Wednesday, September 13, 2017

Robinson's Farewell by Cotton Mather


[The church was Cotton Mather’s central concern. He devoted himself to its pastorate with fanatic zeal and terrifying energy, and tried to relate to it all his activities and interests. His conception of the duty of a minister was all-embracing. Not content with visiting the sick, helping the impoverished, chastising backsliders, and preaching spiritual values and the nature of piety, he felt he must regulate the conduct of his flock in every aspect of life. He strove to discover and teach new means of serving God and new ways of proving the boundless extent of divine power. Since, as Mather saw it, the entire universe and the whole history of mankind revealed his power, there was virtually no limit to the range of education he must provide. This meant constant writing of sermons, daily reading and memorizing of the Bible and its commentators, studying history and science, and feverish searching for effective means of instruction. And, of course, he tried day by day to assess his shortcomings and spent hours fasting and praying for divine forgiveness.]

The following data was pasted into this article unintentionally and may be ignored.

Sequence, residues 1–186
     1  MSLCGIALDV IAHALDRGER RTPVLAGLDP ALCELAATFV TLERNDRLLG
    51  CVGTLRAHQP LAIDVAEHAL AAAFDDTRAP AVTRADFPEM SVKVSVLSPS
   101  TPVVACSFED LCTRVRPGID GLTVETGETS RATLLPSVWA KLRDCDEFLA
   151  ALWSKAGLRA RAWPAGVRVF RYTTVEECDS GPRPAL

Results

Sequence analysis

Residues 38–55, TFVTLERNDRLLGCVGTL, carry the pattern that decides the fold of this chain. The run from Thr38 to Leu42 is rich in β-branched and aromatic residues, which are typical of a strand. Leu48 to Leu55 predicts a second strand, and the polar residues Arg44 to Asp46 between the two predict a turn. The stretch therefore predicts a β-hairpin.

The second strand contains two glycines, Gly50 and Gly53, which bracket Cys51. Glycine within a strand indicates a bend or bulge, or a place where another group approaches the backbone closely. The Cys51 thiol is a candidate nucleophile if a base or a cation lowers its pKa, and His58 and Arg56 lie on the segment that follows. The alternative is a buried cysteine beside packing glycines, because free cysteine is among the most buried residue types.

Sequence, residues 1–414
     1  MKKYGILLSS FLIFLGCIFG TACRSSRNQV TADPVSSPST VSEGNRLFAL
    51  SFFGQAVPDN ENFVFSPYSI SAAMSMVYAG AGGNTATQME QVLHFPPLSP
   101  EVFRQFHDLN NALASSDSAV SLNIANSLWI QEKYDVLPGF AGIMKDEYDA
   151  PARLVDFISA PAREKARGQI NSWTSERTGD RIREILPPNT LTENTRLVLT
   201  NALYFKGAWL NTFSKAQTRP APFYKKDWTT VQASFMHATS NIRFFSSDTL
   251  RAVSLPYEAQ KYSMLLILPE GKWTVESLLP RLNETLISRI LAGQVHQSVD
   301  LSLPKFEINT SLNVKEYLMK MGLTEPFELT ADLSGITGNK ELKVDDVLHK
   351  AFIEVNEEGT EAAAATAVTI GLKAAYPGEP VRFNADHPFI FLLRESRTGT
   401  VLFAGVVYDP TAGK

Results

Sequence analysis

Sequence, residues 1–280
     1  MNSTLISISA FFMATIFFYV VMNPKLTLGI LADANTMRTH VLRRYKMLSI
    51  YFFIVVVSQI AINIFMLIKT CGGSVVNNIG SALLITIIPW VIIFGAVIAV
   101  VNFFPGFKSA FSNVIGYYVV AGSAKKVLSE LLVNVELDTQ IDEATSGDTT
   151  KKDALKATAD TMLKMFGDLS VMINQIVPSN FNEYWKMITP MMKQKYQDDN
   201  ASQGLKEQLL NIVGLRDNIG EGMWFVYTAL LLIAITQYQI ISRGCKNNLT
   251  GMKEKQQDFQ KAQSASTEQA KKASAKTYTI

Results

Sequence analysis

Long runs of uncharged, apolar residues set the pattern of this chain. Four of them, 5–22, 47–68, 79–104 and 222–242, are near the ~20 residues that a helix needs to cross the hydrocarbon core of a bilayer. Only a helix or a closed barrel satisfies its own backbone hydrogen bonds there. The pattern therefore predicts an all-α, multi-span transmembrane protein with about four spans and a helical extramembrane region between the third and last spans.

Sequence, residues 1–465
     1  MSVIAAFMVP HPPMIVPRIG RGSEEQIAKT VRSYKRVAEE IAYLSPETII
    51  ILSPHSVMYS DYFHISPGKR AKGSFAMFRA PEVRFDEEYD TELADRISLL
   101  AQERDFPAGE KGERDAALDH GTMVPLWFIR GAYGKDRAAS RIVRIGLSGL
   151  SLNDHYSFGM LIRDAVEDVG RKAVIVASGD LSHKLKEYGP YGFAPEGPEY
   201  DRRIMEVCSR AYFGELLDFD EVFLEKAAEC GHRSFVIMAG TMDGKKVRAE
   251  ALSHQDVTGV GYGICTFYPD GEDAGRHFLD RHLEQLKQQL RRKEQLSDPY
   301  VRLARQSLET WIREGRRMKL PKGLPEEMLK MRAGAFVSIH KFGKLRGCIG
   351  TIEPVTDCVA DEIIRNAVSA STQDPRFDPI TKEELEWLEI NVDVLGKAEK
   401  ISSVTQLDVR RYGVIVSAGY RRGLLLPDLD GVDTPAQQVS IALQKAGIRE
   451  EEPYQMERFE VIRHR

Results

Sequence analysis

Book  I Antiquities  Chapter III